and in the sky
The larks, still bravely singing, fly
– In Flanders Fields, John Mcrae, 1915
The epicenter of Gent – Wevelgem, the Kemmelberg is an iconic cobbled hill that both Human Powered Health Cycling teams will crest multiple times from different directions as they race this monumental classic. Beyond towering over the race parcours, it has always been a theater of history.
A study by British artist Richard Carline paints a vivid picture of how this simple ridgeline dominates the surrounding Douve valley and alludes to why its symbolism stretches far beyond cycling.
‘Den Engel op de Kemmelberg’ [The Angel of the Kemmelberg] monument signifies a deeper past. In fact, humans have used the hill as a vantage point since the neolithic period with the peak rather poignantly being named after Camulos, the Celtic god of War by Celtic settlers.
2,400 years later, in April 1918, this monument to a battle deity was the scene of some of Europe’s bloodiest hours, the Fourth Battle of Ypres – part of the German spring offensive during World War One.
At the time, the Kemmelberg was home to French, British and American forces before a brutal four days of relentless ground and aerial bombardment, trench warfare and vicious hand-to-hand combat, broke the allied line.
As the dust settled, an estimated 7,000 servicemen lost their lives in less than a week of fighting, only for the berg to be recaptured that same September.
Over a century later, their sacrifice is remembered in the many graveyards and memorials that line the roads, including the Kemmel American Monument on Kemmelstraat that both races will pass on their way back to Wevelgem.
“Camulos” can also be compared to the Old Irish word ‘cumall’, which loosely translates to “champion”. The hill that takes this name has certainly crowned a lot of them – Merckx, Van Looy, Boonen, Wild, Vos, all the greats have had to conquer the Kemmelberg to win one of Belgium’s greatest races.
An ascent that is lined with baying Flandrians cheering on their heroes, in parts ten deep, the climb is now one of the great theaters of Belgian cycling, on par with the Koppenberg and Muur van Geraardsbergen.
Local Belgian Jesse Vandenbulcke grew up on the course – she and her teammates will pass her hometown of Geluwe with 7 kilometers left in the race. For the 27-year-old, Gent – Wevelgem is more than just another race in the spring calendar.
“The Kemmelberg is really special to me,” she says. “I would always climb it in training but it was also where my husband asked me to marry him.”
The Kemmelberg is also a unique climb compared to many of the other cobbled roads in the area as it is used sparingly in the lead up to Belgium’s Super Bowl, the Tour of Flanders.
“It’s totally different from all the other climbs,” explains Vandenbulcke. “The first time when you come from the Monteberg and it’s a hard climb but you can do it with speed and then when you come to the other straight side it’s really steep and it’s not easy to climb so you have to sit down and push and survive.”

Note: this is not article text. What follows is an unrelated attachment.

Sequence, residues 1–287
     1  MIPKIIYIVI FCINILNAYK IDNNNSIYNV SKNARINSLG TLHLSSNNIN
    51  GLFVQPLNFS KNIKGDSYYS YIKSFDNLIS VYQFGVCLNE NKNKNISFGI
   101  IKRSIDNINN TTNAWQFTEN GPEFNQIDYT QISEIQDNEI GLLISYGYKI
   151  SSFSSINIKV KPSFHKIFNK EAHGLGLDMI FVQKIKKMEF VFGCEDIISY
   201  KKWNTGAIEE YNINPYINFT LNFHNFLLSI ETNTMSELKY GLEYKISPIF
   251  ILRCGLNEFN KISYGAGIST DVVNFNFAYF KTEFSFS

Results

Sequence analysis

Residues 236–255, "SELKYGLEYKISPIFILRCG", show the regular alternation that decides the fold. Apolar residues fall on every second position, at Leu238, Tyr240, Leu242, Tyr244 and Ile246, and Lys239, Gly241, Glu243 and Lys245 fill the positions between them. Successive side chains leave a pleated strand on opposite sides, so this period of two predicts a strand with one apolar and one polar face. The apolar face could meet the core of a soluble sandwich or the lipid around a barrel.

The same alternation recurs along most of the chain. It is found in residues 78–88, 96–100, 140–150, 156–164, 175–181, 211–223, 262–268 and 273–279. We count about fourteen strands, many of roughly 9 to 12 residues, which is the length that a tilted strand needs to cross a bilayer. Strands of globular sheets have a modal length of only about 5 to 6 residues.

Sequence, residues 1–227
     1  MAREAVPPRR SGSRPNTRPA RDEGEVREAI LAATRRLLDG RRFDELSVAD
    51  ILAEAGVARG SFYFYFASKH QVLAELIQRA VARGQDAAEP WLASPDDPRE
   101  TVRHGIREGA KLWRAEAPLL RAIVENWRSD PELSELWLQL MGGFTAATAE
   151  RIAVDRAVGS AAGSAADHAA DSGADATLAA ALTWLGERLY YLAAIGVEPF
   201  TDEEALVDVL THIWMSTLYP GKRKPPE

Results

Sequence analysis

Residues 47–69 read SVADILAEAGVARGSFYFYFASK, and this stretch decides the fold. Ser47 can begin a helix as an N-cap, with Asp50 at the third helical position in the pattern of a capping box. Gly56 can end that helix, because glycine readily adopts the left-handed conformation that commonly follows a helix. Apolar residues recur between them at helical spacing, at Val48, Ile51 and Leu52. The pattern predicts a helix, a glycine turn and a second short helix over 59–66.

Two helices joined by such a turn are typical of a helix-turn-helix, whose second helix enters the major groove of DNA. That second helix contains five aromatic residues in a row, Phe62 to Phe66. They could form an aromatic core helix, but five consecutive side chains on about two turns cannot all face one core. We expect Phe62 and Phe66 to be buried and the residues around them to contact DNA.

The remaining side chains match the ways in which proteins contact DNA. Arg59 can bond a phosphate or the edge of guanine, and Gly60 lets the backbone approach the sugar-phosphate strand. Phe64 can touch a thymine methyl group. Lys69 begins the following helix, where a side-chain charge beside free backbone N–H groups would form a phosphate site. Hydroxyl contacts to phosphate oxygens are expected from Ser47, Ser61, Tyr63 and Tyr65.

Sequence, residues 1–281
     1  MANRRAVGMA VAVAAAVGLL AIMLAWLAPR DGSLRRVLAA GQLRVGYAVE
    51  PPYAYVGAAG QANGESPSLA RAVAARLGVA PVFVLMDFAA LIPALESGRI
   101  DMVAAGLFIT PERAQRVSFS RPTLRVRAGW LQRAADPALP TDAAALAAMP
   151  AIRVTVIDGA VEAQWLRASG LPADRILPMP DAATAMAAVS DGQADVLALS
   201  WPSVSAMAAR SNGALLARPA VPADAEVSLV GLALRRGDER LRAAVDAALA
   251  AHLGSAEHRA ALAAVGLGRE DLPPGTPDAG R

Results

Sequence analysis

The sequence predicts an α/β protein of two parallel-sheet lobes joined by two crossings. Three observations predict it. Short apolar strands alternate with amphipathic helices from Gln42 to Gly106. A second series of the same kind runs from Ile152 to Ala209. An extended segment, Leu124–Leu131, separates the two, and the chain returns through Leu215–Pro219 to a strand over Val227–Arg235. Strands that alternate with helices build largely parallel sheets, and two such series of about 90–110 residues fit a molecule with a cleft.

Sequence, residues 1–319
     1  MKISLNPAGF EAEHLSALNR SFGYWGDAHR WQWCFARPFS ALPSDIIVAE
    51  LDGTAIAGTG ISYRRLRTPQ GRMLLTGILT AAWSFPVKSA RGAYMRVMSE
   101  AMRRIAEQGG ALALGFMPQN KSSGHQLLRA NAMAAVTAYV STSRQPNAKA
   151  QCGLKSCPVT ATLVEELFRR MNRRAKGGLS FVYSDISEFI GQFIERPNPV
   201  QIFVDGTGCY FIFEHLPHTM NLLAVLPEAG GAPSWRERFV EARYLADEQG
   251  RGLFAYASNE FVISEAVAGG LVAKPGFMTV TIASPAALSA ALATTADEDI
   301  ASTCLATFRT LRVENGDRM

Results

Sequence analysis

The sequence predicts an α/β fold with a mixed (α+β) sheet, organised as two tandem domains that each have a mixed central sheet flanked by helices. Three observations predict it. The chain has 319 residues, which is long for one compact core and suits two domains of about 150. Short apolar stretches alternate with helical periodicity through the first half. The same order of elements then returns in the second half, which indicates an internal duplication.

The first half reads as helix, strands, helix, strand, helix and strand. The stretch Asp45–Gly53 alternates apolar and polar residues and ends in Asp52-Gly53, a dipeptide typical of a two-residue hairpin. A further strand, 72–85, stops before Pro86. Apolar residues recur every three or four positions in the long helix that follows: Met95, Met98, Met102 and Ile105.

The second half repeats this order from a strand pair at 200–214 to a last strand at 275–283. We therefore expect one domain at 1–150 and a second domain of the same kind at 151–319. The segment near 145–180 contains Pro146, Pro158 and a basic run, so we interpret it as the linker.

Team director Hendrik Redant knows the peril of the Kemmelberg’s cobbles first hand. It was there in 1997 his career came to an abrupt end. Redant told the story in our story, “What are the spring classics?”
“We were climbing the Kemmelberg in the Three Days of De Panne and in that era we were still descending the cobbles the way they now climb up. We were going 75km/h and you are almost airborne as you are bumping from the cobbles,” recalled Redant. “Someone lost a bidon, it exploded on the road, one guy touched his brakes and there was a crash of about twenty guys. I could not avoid it. I descended that climb about 100 times and only one time it went bad, but that’s life.”
After countless ascents and descents of the famed climb, the cobbles bit back in Redant’s eleventh year as a professional.
“That was my last ever race. In my whole life, I would always be one of the first up the Kemmelberg. There was a breakaway and we were still 90km from the finish so I thought why am I going so hard? So I climbed slower and like 40 guys came past. I’m completely fresh but then you’re in a position where the hazards will affect you far more than being in the front. So I could have avoided a broken elbow, muscle tearing in my right leg and a broken jaw. To this day my elbows are not normal.”
It is with this deep historical context that the team will suit up and also join the long list of those who have tried to conquer this Flandrian monolith. Add the famously windy roads of ‘De Moeren’ and driving rain and you have a race that is truly a classic. Time for Human Powered Health to add to the history books.
Gent – Wevelgem In Flanders Fields WE roster
Marjolein van’t Geloof
Gent – Wevelgem In Flanders Fields ME roster
Adam de Vos
Gijs Van Hoecke
How to watch
North American fans can catch the racing action on FloBikes with GCN+/Eursopsort supplying pictures to Europe. Coverage of the men’s race starts at 6 am CT with the women’s at 9:15 am CT. Make sure to follow Human Powered Health Cycling social media channels for all the best behind-the-scenes action of an epic race.